'Smell of Data' device sends out an odor when your data is leaking

At this point, everyone should know how important it is to stay safe online — if you fall for a phishing scam or similar, you are liable to end up having your identity stolen, which can have some pretty serious consequences. That said, personal security is only one facet of a bigger problem. We have seen sites and services hit by hackers all too often.

When online criminals target an organization, they are often able to gain access to lots user accounts at once, rather than just going after individuals. Sites like Have I Been Pwned? have been set up to allow users to check out whether their accounts have been compromised in the wake of a large-scale breach. Now, a new project called the Smell of Data aims to give internet users moment-to-moment updates on whether their private information is at risk of being leaked.

“The Smell of Data is a new scent developed as an alert mechanism for a more instinctive data,” explains a video on the project’s official website. “Smell data? Beware of data leaks. They can lead to privacy violation, behavior control, and identity theft.”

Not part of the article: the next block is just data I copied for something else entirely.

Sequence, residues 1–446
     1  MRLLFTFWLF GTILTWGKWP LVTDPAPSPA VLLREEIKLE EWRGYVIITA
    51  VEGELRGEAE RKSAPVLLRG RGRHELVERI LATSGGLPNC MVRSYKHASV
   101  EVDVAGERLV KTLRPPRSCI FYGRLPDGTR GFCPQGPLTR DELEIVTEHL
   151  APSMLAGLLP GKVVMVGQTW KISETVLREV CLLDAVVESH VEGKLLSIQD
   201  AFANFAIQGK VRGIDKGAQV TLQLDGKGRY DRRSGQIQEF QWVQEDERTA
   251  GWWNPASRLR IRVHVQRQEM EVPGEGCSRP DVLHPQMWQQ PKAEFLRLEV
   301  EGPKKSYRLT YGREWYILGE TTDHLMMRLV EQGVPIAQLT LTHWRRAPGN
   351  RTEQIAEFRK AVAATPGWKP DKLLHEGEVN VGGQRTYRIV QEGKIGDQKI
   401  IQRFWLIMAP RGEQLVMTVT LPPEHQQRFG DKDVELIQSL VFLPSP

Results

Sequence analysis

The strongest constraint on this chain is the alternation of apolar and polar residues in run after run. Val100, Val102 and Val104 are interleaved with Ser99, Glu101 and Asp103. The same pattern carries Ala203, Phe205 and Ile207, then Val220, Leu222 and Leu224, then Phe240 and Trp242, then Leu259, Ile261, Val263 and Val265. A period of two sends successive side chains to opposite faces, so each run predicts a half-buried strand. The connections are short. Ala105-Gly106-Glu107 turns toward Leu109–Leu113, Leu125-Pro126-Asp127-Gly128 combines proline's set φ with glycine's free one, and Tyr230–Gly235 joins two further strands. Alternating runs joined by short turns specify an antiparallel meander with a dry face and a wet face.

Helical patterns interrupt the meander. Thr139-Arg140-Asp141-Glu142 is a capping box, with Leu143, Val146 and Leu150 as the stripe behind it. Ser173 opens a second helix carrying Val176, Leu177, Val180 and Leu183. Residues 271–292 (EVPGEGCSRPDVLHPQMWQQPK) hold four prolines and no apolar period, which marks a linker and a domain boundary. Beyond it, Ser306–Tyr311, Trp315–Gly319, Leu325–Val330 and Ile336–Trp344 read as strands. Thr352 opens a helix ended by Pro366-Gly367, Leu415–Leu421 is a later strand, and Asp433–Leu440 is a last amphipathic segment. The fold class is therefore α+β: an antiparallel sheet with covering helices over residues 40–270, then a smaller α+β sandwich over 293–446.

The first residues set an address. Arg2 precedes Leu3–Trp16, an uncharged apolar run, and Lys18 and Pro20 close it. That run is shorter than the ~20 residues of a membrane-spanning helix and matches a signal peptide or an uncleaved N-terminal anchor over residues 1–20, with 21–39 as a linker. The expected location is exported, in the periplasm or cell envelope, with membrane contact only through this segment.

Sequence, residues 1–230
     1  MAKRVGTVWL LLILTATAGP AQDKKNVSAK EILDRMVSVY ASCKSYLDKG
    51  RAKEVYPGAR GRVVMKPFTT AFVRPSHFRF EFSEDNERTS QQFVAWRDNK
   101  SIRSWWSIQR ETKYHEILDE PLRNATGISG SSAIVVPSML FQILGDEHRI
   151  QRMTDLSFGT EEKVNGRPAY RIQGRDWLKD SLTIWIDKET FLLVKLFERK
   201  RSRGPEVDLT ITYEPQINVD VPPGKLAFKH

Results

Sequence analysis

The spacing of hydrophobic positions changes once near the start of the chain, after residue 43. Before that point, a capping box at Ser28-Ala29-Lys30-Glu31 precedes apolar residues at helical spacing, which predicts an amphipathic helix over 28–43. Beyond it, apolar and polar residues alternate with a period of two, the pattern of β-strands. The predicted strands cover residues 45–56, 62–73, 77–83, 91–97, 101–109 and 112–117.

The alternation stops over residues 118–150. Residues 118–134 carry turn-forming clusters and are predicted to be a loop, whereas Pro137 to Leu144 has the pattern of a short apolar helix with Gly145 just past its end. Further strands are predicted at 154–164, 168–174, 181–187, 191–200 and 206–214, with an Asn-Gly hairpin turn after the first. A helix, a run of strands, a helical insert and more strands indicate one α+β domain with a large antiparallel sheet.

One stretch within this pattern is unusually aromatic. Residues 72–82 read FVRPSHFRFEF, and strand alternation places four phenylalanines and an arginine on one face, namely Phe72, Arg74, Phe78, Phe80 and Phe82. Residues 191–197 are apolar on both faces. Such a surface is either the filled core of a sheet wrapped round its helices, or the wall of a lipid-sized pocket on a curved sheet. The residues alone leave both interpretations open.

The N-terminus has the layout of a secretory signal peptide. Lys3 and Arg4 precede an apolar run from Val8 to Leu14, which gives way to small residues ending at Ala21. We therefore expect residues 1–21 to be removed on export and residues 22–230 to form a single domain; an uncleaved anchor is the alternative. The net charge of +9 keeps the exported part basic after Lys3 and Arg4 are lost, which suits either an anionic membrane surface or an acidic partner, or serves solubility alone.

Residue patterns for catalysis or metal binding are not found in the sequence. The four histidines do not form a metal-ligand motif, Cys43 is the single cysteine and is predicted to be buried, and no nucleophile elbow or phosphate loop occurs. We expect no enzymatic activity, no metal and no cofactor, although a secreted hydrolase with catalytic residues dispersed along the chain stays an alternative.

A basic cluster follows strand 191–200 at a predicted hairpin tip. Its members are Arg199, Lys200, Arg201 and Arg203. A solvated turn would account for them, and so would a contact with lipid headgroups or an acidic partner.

To utilize the Smell of Data, a scent dispenser is charged with the specially developed fragrance, and then connected to a smartphone, tablet, or computer via Wi-Fi. The device is able to detect when a paired system attempts to access an unprotected website on an unsecured network and will emit a pungent puff of the Smell of Data as a warning signal.

The concept is inspired by odorless, flammable gases that present a major safety risk without any external indicators. In 1937, an explosion at the New London School in Texas killed 295 people, prompting authorities to add a smell to these gases in order make leaks easier to detect. The Smell of Data works on a similar principle.

This project uses an outlandish idea to get across something very important and actionable: Just like an odorless gas leak, it is easy to turn a blind eye to our digital security. Accessing unprotected sites via unsecured networks is a risk, but it is one that many of us would take without much trepidation.

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